Click on images
Scale bar 10mm. Copyright CSIRO
Flower, oblique view, hairy tepals, anthers (3) & stigma. Copyright CSIRO
Habit, flower, stamen, gland, fruit, seedling. Copyright CSIRO
Fruit, side views, cross sections and seed. Copyright W. T. Cooper
Flower, side view, hairy tepals & anther tips. Copyright CSIRO
10th leaf stage. Copyright CSIRO
Cotyledon stage, hypogeal germination. Copyright CSIRO
Endiandra bessaphila B.Hyland
Hyland, B.P.M. (1989) Australian Systematic Botany 2: 222. Type: B. Gray 939, State Forest Reserve 194 Western, 15.iii.1978 (QRS, holotypus).
Blush Walnut; Gully Walnut; Walnut, Blush; Walnut, Gully
A thin pale brown layer generally visible beneath the subrhytidome layer before the first section of the outer blaze.
Twigs fluted, clothed in straight, appressed, pale brown hairs when young but almost glabrous when older. Leaf blades about 6.5-17 x 3.5-8 cm, green on the underside (rarely slightly glaucous), clothed in straight, appressed, white or pale brown hairs when young but almost glabrous when older. Domatia (up to six) are foveoles and are usually visible on some leaves. Midrib flush with the upper surface. Petioles channelled on the upper surface. Oil dots visible with a lens.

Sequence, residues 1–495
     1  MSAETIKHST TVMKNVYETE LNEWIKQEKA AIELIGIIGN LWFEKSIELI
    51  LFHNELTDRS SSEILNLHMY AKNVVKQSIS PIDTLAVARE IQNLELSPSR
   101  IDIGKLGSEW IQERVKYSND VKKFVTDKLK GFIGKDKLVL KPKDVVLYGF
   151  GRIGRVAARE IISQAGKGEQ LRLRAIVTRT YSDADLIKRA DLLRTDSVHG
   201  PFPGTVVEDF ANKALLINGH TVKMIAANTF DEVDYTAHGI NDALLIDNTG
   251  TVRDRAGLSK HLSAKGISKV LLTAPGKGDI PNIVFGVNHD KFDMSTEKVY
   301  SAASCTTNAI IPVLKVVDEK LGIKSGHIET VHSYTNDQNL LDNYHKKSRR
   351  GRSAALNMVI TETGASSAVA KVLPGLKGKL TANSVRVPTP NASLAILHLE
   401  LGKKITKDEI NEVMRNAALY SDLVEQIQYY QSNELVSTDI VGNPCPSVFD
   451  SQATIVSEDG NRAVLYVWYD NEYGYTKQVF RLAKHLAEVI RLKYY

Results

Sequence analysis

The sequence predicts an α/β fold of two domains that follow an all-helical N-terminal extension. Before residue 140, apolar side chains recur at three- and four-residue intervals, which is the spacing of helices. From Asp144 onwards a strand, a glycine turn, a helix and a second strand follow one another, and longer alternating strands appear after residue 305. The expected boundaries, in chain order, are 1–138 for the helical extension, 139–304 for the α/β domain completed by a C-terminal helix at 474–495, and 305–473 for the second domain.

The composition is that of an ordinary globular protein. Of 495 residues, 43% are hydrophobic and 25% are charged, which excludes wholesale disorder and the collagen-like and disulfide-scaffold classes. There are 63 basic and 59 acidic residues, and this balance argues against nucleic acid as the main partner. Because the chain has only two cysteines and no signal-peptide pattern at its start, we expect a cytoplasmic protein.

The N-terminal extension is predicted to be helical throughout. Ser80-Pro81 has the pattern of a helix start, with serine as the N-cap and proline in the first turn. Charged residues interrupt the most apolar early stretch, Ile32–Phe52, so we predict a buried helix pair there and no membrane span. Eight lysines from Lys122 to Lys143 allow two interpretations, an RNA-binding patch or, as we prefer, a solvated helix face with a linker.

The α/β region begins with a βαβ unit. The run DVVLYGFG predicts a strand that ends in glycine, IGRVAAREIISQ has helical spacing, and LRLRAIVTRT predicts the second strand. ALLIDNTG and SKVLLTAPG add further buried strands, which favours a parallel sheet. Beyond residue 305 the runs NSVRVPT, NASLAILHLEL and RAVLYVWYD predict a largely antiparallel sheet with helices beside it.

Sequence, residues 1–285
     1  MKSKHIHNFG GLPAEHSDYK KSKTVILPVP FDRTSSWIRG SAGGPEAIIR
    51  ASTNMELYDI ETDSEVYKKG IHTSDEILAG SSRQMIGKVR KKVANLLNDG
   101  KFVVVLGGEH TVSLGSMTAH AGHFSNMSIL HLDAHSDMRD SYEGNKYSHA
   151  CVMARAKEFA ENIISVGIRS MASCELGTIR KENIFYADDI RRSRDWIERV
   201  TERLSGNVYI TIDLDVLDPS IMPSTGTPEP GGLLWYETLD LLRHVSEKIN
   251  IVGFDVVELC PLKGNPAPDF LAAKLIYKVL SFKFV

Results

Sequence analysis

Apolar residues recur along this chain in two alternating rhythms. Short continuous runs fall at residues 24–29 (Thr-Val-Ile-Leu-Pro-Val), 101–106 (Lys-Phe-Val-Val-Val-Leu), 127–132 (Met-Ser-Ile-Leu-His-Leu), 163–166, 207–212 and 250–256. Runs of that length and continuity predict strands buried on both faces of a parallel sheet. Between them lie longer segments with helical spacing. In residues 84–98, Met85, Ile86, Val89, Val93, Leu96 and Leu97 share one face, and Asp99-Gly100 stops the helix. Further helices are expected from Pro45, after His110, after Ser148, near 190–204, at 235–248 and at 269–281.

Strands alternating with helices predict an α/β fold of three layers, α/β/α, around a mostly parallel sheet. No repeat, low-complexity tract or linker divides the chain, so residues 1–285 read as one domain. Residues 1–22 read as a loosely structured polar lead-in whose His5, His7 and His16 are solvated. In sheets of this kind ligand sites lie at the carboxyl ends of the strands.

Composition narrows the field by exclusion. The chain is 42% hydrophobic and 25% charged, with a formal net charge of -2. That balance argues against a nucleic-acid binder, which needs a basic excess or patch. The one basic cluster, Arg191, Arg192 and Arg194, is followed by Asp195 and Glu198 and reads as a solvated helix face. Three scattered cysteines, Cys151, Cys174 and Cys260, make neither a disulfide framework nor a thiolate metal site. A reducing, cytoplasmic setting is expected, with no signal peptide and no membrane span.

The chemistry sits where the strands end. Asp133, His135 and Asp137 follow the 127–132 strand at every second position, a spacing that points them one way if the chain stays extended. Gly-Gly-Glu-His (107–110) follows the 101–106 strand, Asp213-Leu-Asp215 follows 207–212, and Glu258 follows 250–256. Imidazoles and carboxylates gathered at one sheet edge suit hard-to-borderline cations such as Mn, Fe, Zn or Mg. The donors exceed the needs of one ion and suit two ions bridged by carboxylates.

First pair of leaves lanceolate or elliptic, about 45-90 x 18-24 mm, green on the underside. At the tenth leaf stage: leaf blade glabrous on the upper surface, a few inconspicuous hairs may be visible along the midrib on the underside of young leaves only; oil dots clearly visible with a lens.
Distribution and Ecology
Fruit eaten by Cassowaries. Cooper & Cooper (1994).
This species grows large enough to produce millable logs but is seldom utilized. Wood specific gravity 0.65-0.68. Hyland (1989).